The intelligence information is backed up by videos, including one declassified air force video from January 6, 2009, which shows a terrorist shooting at troops from the roof of a building. After spotting an Israeli aircraft, the terrorist goes to the building’s entrance and calls to nearby civilians to help him escape. A few moments later, a group of children arrive at the entrance to the home and the terrorist walks out.
Another video from January 13 shows a senior Hamas terrorist – spotted by an aircraft – walking by himself down a street. After spotting the aircraft, the senior terrorist runs over to an elderly woman walking nearby and continues walking next to her. Later, the IDF discovered that the “elderly woman” was really a Hamas operative in disguise.
Malam also takes Goldstone to task for his claim that “the mission found no evidence that members of Palestinian armed groups engaged in combat in civilian dress,” and as a result could “not find a violation of the obligation not to endanger the civilian population in this respect.”
In response, Malam interviewed a number of IDF officers who provided testimony that a vast majority of Hamas fighters were dressed as civilians, and Hamas videos that showed fighters – during the Israeli offensive – wearing civilian clothing while firing mortars and rocket-propelled grenades at IDF troops.
The Malam report has an entire section on Hamas’s use of mosques, revealing intelligence information that Hamas used almost 100 mosques inside Gaza to fight against the IDF.
“Hamas systematically used mosques as part of its combat doctrine,” the report alleges, in contrast to Goldstone’s report, which claims that the mission was unable to make a determination about the issue.
The Malam report brings countless videos and photographs of dozens of mosques that were used by Hamas to store weapons, functioned as command centers or whose grounds were used to fire rockets into Israel.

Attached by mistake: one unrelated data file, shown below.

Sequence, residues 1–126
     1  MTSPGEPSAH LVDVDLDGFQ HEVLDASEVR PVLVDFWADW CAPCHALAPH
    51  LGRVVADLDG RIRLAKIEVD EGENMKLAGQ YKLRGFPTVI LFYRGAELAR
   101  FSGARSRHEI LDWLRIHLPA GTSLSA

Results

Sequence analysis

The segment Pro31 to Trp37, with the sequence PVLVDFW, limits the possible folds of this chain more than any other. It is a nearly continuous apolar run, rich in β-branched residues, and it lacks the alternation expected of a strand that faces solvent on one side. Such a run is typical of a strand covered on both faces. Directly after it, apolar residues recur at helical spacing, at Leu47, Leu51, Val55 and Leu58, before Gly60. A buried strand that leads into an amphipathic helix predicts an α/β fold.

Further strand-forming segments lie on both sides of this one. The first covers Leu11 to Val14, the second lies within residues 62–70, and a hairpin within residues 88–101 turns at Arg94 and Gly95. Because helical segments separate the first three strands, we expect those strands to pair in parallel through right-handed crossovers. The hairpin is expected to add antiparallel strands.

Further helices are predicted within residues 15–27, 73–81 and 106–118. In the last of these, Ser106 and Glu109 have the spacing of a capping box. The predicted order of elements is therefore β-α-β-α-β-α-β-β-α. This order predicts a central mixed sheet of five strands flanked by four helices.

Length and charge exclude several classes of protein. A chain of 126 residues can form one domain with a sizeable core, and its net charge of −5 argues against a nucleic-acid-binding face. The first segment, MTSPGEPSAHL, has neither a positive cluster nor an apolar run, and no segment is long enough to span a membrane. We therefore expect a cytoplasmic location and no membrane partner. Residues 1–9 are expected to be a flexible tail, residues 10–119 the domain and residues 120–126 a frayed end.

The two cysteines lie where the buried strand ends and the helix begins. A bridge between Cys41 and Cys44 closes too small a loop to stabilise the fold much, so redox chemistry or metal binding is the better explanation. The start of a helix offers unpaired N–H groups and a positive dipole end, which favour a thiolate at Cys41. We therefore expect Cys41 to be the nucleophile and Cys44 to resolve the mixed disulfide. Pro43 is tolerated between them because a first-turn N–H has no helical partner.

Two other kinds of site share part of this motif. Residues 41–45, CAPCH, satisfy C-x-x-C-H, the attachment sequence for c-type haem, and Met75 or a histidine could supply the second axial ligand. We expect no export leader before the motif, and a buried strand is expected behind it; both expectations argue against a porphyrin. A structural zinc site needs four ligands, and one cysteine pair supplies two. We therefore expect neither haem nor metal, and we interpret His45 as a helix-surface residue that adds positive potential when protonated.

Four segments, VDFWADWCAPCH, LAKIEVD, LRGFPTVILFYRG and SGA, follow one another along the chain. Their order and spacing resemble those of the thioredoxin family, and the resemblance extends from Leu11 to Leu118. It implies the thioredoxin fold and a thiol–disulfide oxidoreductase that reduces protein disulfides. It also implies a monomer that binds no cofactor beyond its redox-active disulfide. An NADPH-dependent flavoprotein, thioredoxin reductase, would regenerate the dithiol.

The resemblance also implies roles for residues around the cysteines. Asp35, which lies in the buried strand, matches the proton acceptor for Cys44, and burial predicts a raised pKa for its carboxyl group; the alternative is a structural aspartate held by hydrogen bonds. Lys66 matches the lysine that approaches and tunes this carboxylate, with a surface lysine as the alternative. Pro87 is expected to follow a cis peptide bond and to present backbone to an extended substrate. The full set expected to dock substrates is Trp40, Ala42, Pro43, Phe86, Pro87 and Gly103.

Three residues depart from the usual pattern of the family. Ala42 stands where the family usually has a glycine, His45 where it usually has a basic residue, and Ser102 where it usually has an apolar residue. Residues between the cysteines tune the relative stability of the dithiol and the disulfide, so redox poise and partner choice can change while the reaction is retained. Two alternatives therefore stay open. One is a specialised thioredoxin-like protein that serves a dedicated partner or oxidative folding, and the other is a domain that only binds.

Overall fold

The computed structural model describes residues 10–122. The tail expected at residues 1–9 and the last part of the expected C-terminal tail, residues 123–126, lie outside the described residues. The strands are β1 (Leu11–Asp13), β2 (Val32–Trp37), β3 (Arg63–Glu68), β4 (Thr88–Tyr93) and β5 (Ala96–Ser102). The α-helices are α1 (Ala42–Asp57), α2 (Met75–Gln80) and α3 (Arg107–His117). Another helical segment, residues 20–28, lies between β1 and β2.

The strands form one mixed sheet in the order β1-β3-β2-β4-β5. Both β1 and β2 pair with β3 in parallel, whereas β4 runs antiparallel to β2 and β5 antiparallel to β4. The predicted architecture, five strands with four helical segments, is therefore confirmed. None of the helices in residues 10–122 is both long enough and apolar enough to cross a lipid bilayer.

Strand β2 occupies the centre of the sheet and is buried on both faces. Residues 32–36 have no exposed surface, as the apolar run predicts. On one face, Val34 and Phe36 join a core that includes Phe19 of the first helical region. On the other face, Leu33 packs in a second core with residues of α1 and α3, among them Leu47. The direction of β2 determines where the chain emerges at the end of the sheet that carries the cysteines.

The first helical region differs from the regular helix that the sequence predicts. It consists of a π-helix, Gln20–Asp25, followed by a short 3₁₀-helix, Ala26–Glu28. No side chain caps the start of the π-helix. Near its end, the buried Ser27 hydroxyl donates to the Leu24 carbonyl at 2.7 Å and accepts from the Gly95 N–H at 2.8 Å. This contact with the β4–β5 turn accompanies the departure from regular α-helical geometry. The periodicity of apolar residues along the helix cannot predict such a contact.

The report also details Hamas’s use of hospitals during the offensive, providing evidence that Hamas fired at IDF troops adjacent to and hid weaponry and senior operatives inside at least eight hospitals in the Gaza Strip.
The Malam report devotes an entire section to proving how Hamas’s police and internal security forces were involved in military/terrorist activities
and were not, as Goldstone claimed, civilian entities whose only duty was enforcing law and order.
In contrast to the report the IDF is working on and plans to release in the coming months that focuses on IDF operations, Malam’s report is about Hamas, its combat tactics and the way it operates from within densely populated urban centers in Gaza, as well as the events that led up to Cast Lead in late December 2008 that Malam says were disregarded by Goldstone.
The report points to four basic flaws in the Goldstone Report: It does
not deal with the nature of Hamas – its terrorist aspects and ideology;
it minimizes the gravity of the terrorist attacks against Israel,
focusing on rocket fire during the six months before Operation Cast
Lead while devoting little space to the rocket and mortar fire that
began in 2001; it does not deal with the Hamas military buildup in the
Gaza Strip in the year preceding Cast Lead that threatened Israel, but
at the same time did provide extensive historical coverage of the
Israeli-Palestinian conflict; and it ignored the role Iran and Syria
play in Gaza by aiding Hamas and supplying it with explosives and